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Two-Way Multi-Antenna Relaying with Simultaneous Wireless Information and Power Transfer

ABSTRACT

In this paper, we propose various kinds of two-way multi-antenna relaying with simultaneous wireless information and power transfer (SWIPT) and investigate their performance. Specifically, we first consider a two-way relay network where two single-antenna end nodes communicate with each other through a multi-antenna relay node that is energy constrained. This relay node harvests energy from the two end nodes and use the harvested energy for forwarding their information.

Six relaying schemes that support the considered network then build on the power splitting-based relaying and time switching-based relaying protocols. The average bit error rates of these schemes are evaluated and compared by computer simulations considering several network parameters, including the number of relay antennas, power splitting ratio, and energy harvesting time. Such evaluation and comparison provide useful insights into the performance of SWIPT-based two-way multi-antenna relaying.

SYSTEM MODEL

Consider a two-way relay network as shown in Figure 1, where end nodes T1 and T2, each of which is equipped with one antenna, exchange information through an energy-constrained intermediate relay node, R, possessing M antennas. This relay node will harvest energy from the two end nodes and use the harvested energy for forwarding their information. The relay node’s antennas are spatially spaced in such a way that the received/transmitted signals undergo statistically independent fading.

PSR PROTOCOL

Figure 2. (a) Key parameter in the PSR protocol for energy harvesting and information processing at the relay node

Figure 2. (a) Key parameter in the PSR protocol for energy harvesting and information processing at the relay node

Figure 2 illustrates the key parameters in the PSR protocol for energy harvesting and information processing at the relay node R and the block diagram of the corresponding receiver. In Figure 2a, the first block time N is used for multiple access (MA) where the end nodes T1 and T2 transmit their signals simultaneously, and P is the total signal power.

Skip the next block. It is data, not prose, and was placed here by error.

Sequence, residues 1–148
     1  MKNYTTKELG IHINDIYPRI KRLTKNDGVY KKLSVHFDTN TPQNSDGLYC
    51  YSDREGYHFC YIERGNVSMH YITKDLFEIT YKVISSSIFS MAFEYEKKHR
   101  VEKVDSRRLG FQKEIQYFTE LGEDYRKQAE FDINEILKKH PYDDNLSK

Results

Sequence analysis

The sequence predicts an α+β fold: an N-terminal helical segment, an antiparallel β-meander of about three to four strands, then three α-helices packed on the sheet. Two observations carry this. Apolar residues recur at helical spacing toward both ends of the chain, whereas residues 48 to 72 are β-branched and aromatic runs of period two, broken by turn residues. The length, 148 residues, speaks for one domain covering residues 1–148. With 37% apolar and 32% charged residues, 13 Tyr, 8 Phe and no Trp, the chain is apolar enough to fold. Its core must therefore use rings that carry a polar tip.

TSR PROTOCOL

Figure 3. (a) Key parameters in the TSR protocol for energy harvesting and information processing at the relay node

Figure 3. (a) Key parameters in the TSR protocol for energy harvesting and information processing at the relay node

Figure 3 illustrates the key parameters in the TSR protocol for energy harvesting and information processing at the relay node R and the block diagram of the corresponding receiver. In Figure 3a, α is the fraction of the total block time 2 N in which the relay node harvests energy from the end nodes T1 and T2, where 0 ≤ α ≤ 1. The remaining block time 2 (1 − α) N is used for information transmission, such that the first half of that is used for MA and the second half is used for BC.

SIMULATION RESULTS

Figure 6. BER versus antenna noise variance

Figure 6. BER versus antenna noise variance

Figure 7. BER versus conversion noise variance

Figure 7. BER versus conversion noise variance

We can see that the theoretical results perfectly match their simulation counterparts, which verifies the BER formulae derived in Sections 3.1 and 3.2. Similarly, the results for the TS-DF, TS-DF-STC, and TS-AF cases are shown in Figures 6 and 7.

CONCLUSIONS

Based on two SWIPT protocols, namely TSR and PSR, we have presented various two-way multi-antenna relaying schemes, where an energy-constrained relay node harvests energy from two source nodes and uses that harvested energy to forward their information. We have compared the BER performance of these SWIPT-based relaying schemes, and have studied the effect of several network parameters, including the number of relay antennas, power splitting ratio, and energy harvesting time.

The results have revealed that the benefit of multiple-antenna deployment at the relay depends primarily on the number of antennas (e.g., two antennas versus four antennas), the signal-processing technique (e.g., AF versus DF), and the power allocation strategy (e.g., equal power allocation versus optimal power allocation). In addition, despite the fact that the optimal power allocation is preferable to the equal power allocation, the latter seems an attractive choice for the PS-AF and TS-AF schemes. For the other relaying schemes (i.e., PS-DF, PS-DF-STC, TS-DF, and TS-DF-STC), algorithmic determination of the optimal power splitting ratio and optimal energy harvesting time could be an interesting direction for future work.

Source: Rangsit University
Authors: Thanaphat Srivantana | Kiattisak Maichalernnukul

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